Generally, bass players tend to take a backseat to the other guitarists on stage. They play in the background and help to provide some weight and fullness to a song. Rarely do we see a bass player become a visible and dominant presence for a band. Speaking from the perspective of a metal fan, I can’t think of too many bands currently where the bass playing is the most noticeable facet of a band’s music or of its live performances. Sure, there are a great deal of outstanding bass players today including Dave Ellefson, Robert Trujillo, Steve Harris, and John Myung, but I don’t think any have had the effect on their band like Cliff Burton had on Metallica.
Before I start this piece on Cliff Burton, let me start by saying that Cliff Burton is the GOAT bass player in the Heavy Metal genre. There. I got that off my chest; let’s move on.
Image via Reddit
During Cliff’s childhood, his brother passed away, and he determined to be the best bass player that he could be for his brother. Even when he was with Metallica, Cliff would practice up to six hours a day and had a heavy country and blues influence to his music. He never stopped trying to get better at his craft.
In 1982, James Hetfield and Lars Ulrich saw Cliff perform with his band Trauma and knew they needed him. Once he joined, it didn’t take long for Burton to make an impact on the band. It was his knowledge in music theory that helped develop Hetfield’s and Ulrich’s skills. Kill ‘Em All was a great thrash album. Heck, it may have been the first thrash album ever, but that wasn’t a mature band playing. Metallica was a talented band, influenced by great bands before them but had a lot of untapped potential. Cliff Burton helped to unleash the band’s potential by increasing their musical capabilities. Without Cliff Burton, there never would have been Ride the Lightning or Master of Puppets.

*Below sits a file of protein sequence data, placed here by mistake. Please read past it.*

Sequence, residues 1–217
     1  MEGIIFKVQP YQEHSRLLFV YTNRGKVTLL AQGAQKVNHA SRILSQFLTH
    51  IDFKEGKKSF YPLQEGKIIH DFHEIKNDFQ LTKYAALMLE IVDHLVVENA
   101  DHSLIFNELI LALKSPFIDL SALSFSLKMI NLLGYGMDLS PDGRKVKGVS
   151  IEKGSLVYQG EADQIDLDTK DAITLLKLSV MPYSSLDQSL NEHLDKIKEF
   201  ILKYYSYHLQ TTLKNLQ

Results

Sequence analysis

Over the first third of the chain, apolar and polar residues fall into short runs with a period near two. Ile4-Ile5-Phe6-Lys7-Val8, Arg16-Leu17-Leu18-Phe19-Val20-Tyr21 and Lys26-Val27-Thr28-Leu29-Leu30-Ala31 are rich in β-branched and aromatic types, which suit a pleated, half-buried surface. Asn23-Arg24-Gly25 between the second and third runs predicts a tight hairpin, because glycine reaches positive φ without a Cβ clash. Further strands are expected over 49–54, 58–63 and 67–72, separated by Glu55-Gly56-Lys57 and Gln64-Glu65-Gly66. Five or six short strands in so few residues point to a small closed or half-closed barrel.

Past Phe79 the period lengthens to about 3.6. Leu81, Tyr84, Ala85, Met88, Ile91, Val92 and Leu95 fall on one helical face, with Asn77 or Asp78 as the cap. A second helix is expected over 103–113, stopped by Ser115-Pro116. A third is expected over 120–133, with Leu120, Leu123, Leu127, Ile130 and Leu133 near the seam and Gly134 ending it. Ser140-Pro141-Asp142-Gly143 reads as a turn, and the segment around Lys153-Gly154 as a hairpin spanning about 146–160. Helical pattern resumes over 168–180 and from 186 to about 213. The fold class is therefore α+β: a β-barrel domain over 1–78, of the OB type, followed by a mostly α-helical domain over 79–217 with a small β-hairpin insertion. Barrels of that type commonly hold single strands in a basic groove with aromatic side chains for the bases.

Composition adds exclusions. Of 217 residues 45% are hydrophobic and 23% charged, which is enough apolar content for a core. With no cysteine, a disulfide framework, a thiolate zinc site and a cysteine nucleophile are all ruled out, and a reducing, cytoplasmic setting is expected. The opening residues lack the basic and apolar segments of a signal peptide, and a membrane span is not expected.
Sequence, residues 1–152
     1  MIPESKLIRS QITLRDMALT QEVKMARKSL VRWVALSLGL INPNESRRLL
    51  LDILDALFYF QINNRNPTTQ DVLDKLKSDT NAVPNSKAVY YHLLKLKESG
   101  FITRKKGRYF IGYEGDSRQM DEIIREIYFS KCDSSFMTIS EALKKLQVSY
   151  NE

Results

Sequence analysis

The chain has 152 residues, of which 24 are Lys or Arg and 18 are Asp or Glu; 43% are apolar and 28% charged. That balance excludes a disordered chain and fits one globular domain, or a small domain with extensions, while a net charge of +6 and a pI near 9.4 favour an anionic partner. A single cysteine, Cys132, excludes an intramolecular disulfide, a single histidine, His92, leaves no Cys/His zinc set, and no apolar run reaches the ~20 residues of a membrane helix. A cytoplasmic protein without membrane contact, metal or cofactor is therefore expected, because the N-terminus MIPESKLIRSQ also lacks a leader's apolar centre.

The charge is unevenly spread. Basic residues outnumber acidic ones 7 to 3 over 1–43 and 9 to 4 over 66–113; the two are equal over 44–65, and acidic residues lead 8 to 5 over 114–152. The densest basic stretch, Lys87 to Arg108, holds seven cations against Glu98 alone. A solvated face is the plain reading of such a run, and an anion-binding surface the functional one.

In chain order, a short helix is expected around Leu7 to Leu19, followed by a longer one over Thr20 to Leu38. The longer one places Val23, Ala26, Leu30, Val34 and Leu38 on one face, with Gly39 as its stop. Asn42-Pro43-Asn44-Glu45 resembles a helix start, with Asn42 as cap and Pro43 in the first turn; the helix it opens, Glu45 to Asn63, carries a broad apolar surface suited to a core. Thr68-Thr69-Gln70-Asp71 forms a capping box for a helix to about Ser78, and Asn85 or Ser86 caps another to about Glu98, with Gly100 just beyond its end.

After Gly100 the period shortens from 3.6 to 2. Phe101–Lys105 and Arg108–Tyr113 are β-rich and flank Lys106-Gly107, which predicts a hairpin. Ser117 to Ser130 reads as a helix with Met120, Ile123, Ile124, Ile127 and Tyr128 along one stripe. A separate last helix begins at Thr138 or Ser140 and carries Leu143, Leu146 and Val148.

Back in our senior year of college, I remember talking metal with Ethan and showing him a video of Cliff from Cliff ‘Em All, and he was playing his iconic bass solo on “For Whom the Bell Tolls.” “What? I thought that was just a regular guitar,” I remember Ethan saying. But that was Cliff’s style. Unlike any other bass player at the time, he played the bass like it was the lead guitar, and you couldn’t help but notice him on the stage.
(Watch the first 1:10 of the video)
When Ethan and I saw Metallica last summer during their Worldwired Tour, Robert Trujillo played “Anesthesia” as a tribute with this video of Cliff playing on the big screen. The crowd cheered louder for that tribute than they did for Metallica’s intro. Considering the fact that thousands at the concert were born after Cliff’s death in 1986, I’d say the band’s fans have done a good job of informing incoming metal fans who Cliff was. He’s a critical part to Metallica’s history, which makes him a critical part to metal’s history.
Cliff Burton died before his time at the young age of 24, and well before I could even get the chance to see him at a live show, but his legacy lives on through the efforts of Metallica and their fans. It’s pretty cool to see a band that even 30 years after losing Cliff, they still treat him and his legacy with the utmost respect.
Happy Birthday, Cliff Burton.
P.S. In case you didn’t know, California’s Alameda County (where Cliff is from) has declared February 10th to be ‘Cliff Burton Day’ in his honor. This is from Metallica’s Twitter page:
Image via Metallica’s Twitter